Rounding the first corner at the Cycle Show and we came face to face with this aggressive looking beast, staring us down like only a mustard yellow steel hardtail can. We were forced to shake hands and meet with the new Trillion Prime and, boy, were we glad we did!
Trillion Cycles are part of the Liberty House Group, a company that specialises in commodities, metals recycling and the manufacture of steel, aluminium and engineering products. It's no small company, last year the group bought out Tata in the UK. We've heard that the boss of this company started off in life selling bikes so it makes sense he'd want to combine two passions and pour some money into the development of a steel bike.
Trillion produces and builds all of its frames and bikes in the UK and they had their steel hardtail mountain bike at the Cycle Show for us to drool over. They describe the bike as the ultimate steel all mountain bike, but there are quite a few steel bikes all looking to claim the same title, so what does the bike from Trillion offer?
The Prime uses 160mm of travel, runs on 27.5" wheels and uses a mix of Reynolds 853 and Colombus Zona steel. The low standover and long wheelbase a dead giveaway of the trail bruiser it's designed to be.
Like all bikes, the Prime is a product of development with updates this year to the laser cut seat brace, head tube gussets and a now straight top tube.
Aside from just looking rad with that super low standover and fine yellow paint, the Prime looks to be pretty well sorted in the geometry department too. The reach on a medium/large bike comes in at a roomy 455mm alongside a seat tube length of 430mm, there looks to be plenty of room for pulling shapes aboard this steed. The short seat tube means there is loads of space for running a long dropper post and also gives riders who are shorter in the inside leg a chance to revel in the delights of a longer reach.
The slack head angle of 65 degrees and the 430-450mm chainstays (horizontal sliding dropouts) gives a wheelbase of 1202-1222mm, which even at its shortest is pretty long. These characteristics will help the bike become a good climber, only slightly hampered by a seat angle which errs on the side of slack at 74 degrees.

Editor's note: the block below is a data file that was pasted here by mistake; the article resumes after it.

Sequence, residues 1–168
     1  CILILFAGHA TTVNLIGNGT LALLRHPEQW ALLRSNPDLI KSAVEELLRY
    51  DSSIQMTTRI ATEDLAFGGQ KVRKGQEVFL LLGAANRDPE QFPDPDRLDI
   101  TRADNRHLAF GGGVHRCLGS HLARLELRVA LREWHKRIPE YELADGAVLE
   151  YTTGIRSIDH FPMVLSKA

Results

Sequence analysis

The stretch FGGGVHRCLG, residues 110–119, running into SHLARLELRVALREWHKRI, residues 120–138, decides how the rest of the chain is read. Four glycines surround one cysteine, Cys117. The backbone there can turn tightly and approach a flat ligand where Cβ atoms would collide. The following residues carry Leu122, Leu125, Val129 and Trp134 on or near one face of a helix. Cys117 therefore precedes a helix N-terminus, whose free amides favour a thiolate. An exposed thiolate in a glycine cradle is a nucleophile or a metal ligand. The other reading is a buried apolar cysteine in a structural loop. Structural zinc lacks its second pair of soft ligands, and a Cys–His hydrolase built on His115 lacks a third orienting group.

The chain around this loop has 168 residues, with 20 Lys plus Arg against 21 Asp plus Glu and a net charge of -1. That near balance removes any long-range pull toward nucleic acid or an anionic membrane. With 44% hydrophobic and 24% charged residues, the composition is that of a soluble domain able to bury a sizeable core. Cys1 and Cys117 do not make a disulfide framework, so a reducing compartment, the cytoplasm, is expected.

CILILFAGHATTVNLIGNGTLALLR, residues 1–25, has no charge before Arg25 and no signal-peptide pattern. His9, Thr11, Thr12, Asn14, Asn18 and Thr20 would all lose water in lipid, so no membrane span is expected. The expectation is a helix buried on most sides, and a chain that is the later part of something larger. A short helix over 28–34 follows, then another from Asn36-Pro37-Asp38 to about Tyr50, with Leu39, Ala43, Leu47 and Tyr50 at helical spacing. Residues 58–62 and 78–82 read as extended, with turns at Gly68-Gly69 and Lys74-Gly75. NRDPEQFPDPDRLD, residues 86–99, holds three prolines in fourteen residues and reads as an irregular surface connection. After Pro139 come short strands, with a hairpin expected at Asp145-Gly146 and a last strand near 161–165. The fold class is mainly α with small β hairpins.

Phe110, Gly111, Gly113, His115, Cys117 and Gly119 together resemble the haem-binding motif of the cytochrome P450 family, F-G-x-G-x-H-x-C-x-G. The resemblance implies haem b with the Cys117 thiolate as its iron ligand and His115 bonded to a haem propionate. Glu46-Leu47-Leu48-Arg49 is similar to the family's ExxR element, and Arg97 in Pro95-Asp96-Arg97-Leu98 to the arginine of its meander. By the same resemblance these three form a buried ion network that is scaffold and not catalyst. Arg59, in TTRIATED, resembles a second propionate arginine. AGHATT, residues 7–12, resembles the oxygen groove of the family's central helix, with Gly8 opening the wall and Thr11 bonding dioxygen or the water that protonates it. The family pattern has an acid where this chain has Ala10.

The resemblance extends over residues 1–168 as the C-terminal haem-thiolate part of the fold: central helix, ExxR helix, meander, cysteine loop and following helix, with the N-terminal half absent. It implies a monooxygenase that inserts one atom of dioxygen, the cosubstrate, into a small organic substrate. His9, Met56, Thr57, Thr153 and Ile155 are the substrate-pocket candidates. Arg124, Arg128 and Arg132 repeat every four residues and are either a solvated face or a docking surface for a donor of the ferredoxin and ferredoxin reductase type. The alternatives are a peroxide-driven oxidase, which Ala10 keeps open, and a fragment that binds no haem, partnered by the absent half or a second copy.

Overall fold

Trillion says there is clearance for up to 2.6" tyres (27.5") and we reckon you could squeeze 29er wheels in here too but that would compromise geometry (raising the bottom bracket) in a bike that is designed around 27.5" wheels. Down at the back, the rear end is set up for boost spaced hubs and up at the front, the headtube is compatible with a variety of headset cup, including anglesets so you can slacken this riotous animal off even more if you want.
The price for the Trillion Prime frame only is £999, with three other build kits to choose from if you'd rather have a whole bike, the cheapest being £2,599 and the most expensive being a whopping £4,249. For that sum you get Rockshox Lyrik RTC3 forks, a 170mm stealth Reverb, Mavic wheels, SRAM GX Eagle, Hope brakes and a Renthal cockpit.
Due to our penchant for steep bikes, especially long and slack ones, Trillion is now firmly on our radar. For more details head over to their website - www.trillioncycles.com
Since the CycleShow we have learnt that Trillion Cycles will be working with Shand Cycles, Seven from Shand told us:
"Shand and Trillion have agreed to collaborate in the design, manufacture and sale of bicycles. Strengthening the iconic, UK cycle industry, and harnessing the combined capabilities within each business this new collaboration is considered entirely mutually beneficial with Shand, recognised for their long standing heritage, expertise and quality while Trillion, part of Liberty Vehicle Technologies, provides a significant design and engineering technology expertise. Both brands shall continue independently, focusing on their own, individual, market sectors and operate from their respective operational headquarters in Leamington Spa and Livingston."
Check out the Tam, a new expedition bike from Shand here.